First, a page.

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Dead fish: Stinky and unsightly, but not cause for alarm

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Dead fish accumulate on the west end of Lake Nokomis.
Dead fish accumulate on the west end of Lake Nokomis in Minneapolis on Tuesday, June 5, 2018.
Evan Frost | MPR News

Dead fish have been washing up on the shores of some Minnesota lakes, but the phenomenon isn't out of the ordinary.

The sight of bloated fish carcasses can be disturbing, especially in large numbers. But experts say it usually doesn't mean the lake is unsafe or its fish population is in jeopardy.

More likely, the fish succumbed to winter kill — the depletion of dissolved oxygen in the lake while it was covered with ice — or a disease prompted by the stress of rapidly warming water and spawning, said Sean Sisler, aquaculture and fish health consultant with the Minnesota Department of Natural Resources.

Sisler said DNR staff were expecting to see more winter fish kills this year because of the unusually long, cold winter, which left lakes frozen until May.

"You get a thick snow cover on top of the ice, and then that cuts off the light to any plans that might be growing and producing oxygen," Sisler said. "Then basically, you've got no additional inputs of oxygen into the lake."

The sudden spring warm-up also put additional strain on fish, Sisler said.

"We had a very short spring season, so it went from having ice on to almost just before the opener to having like 80 degree days," he said. "That's a big temperature change for fish, so that can definitely stress them out."

Fish likely claimed by winter kill washed up at some Twin Cities lakes, including Lake Nokomis in Minneapolis, where dead crappies were scattered along the shore.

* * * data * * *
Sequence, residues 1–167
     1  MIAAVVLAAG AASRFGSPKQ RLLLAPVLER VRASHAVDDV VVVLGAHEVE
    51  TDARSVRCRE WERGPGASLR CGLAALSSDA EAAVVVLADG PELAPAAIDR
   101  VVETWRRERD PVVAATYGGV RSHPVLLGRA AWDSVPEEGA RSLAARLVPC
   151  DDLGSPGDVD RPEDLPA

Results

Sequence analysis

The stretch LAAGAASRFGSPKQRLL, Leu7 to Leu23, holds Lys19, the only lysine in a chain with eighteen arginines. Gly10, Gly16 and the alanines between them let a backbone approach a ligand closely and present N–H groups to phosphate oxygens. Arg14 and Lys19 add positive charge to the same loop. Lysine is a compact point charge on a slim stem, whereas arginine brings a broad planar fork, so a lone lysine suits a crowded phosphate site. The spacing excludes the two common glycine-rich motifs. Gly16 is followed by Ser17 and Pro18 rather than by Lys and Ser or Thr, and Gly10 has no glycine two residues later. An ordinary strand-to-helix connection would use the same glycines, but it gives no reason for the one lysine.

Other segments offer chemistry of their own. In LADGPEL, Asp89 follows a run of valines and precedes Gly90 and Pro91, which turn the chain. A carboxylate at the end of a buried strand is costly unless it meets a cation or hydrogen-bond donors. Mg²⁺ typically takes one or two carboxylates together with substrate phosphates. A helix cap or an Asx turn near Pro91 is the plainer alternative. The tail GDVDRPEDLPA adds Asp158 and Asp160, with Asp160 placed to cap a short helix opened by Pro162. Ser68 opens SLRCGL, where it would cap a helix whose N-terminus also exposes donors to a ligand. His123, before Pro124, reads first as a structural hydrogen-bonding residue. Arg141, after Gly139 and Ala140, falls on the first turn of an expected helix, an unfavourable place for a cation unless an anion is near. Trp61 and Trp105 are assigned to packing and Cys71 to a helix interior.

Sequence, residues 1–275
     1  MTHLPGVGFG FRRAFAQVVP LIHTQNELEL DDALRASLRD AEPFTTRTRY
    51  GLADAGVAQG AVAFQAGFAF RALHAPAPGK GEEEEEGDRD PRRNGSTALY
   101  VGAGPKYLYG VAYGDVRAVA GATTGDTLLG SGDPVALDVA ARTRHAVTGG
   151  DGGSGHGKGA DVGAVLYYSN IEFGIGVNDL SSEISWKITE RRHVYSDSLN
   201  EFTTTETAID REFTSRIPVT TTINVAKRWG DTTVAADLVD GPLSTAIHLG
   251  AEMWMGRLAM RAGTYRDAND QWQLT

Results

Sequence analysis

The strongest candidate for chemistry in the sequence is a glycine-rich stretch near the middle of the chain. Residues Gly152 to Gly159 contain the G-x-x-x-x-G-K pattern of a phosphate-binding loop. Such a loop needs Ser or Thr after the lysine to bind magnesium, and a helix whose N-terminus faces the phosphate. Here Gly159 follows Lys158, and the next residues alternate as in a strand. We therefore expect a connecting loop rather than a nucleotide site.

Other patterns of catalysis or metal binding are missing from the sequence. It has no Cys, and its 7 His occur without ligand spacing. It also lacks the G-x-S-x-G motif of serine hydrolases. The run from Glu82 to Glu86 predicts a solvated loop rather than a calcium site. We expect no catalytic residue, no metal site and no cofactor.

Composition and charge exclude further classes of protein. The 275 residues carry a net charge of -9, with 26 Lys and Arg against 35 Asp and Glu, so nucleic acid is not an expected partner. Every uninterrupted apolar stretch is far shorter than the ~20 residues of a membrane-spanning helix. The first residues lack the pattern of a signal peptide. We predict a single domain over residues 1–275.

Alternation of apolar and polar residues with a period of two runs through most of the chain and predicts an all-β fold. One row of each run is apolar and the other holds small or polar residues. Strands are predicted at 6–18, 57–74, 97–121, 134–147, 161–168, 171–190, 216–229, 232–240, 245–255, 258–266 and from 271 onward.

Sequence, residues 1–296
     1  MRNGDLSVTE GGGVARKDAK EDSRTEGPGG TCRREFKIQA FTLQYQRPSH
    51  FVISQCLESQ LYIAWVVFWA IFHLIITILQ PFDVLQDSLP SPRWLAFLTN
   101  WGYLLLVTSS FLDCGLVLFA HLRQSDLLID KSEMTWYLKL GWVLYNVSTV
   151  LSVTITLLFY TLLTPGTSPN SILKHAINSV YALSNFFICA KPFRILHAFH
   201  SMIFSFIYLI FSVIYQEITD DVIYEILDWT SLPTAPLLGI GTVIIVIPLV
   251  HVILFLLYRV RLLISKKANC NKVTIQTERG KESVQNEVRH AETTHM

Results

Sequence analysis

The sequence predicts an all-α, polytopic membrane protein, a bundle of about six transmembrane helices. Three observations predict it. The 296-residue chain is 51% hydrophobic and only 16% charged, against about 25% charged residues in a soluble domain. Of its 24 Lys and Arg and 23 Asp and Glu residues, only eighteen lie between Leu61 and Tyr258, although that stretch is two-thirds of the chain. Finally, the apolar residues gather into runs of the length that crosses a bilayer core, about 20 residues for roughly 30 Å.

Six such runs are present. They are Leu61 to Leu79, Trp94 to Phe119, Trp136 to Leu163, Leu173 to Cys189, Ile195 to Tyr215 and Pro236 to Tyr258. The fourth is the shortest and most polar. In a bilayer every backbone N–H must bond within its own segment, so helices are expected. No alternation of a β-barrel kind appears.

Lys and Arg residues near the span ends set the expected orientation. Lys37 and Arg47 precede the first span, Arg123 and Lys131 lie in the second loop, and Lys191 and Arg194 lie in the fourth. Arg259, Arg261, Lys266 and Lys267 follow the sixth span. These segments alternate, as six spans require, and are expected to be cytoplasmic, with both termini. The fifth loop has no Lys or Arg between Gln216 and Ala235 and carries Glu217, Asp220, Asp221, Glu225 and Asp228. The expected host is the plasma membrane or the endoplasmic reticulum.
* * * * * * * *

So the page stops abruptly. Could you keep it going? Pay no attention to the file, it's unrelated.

A plane descends toward over Lake Nokomis.
A plane descends toward Minneapolis-St. Paul International Airport near Lake Nokomis as water washes over a dead Crappie on the shore of the lake's main beach on Tuesday, June 5, 2018.
Evan Frost | MPR News

"It happens almost every year, because the conditions can be right for it, and sometimes it's more prevalent in certain lakes than others," said Deb Pilger, director of environmental management for the Minneapolis Park and Recreation Board.

Fish kills often get noticed more in the metro because of the popular walking trails that surround the lakes, Pilger said.

"There's a lot more people out all times of day," she said. "And they love these lakes and they're concerned about them ... They want to reach out and let people know, 'I saw some dead fish. Is everything OK at the lake? Can I swim in it still? Can I fish in it?'"

Pilger said yes, it's safe to swim and fish in the lakes. She said the number of dead fish this year isn't out of the ordinary.

"We're not seeing these huge, huge fish die-offs. It's not at that level of concern yet," she said.

Now that the ice has been off lakes for a few weeks, dead fish washing up on shore are more likely victims of disease, Sisler said.

Fish diseases are always present in the water, but fish are more likely to get sick in spring when they are stressed from warmer temperatures and spawning, he said.

A good indicator that a fish kill is related to disease is if all the fish are the same species and similar size, Sisler said. He said fish diseases rarely affect humans.

Fish kills also could be the result of a human cause, such as a manure spill, fertilizer runoff or large discharge of wastewater. Sisler encourages people to report all fish kills to the state duty officer by calling 1-800-422-0798.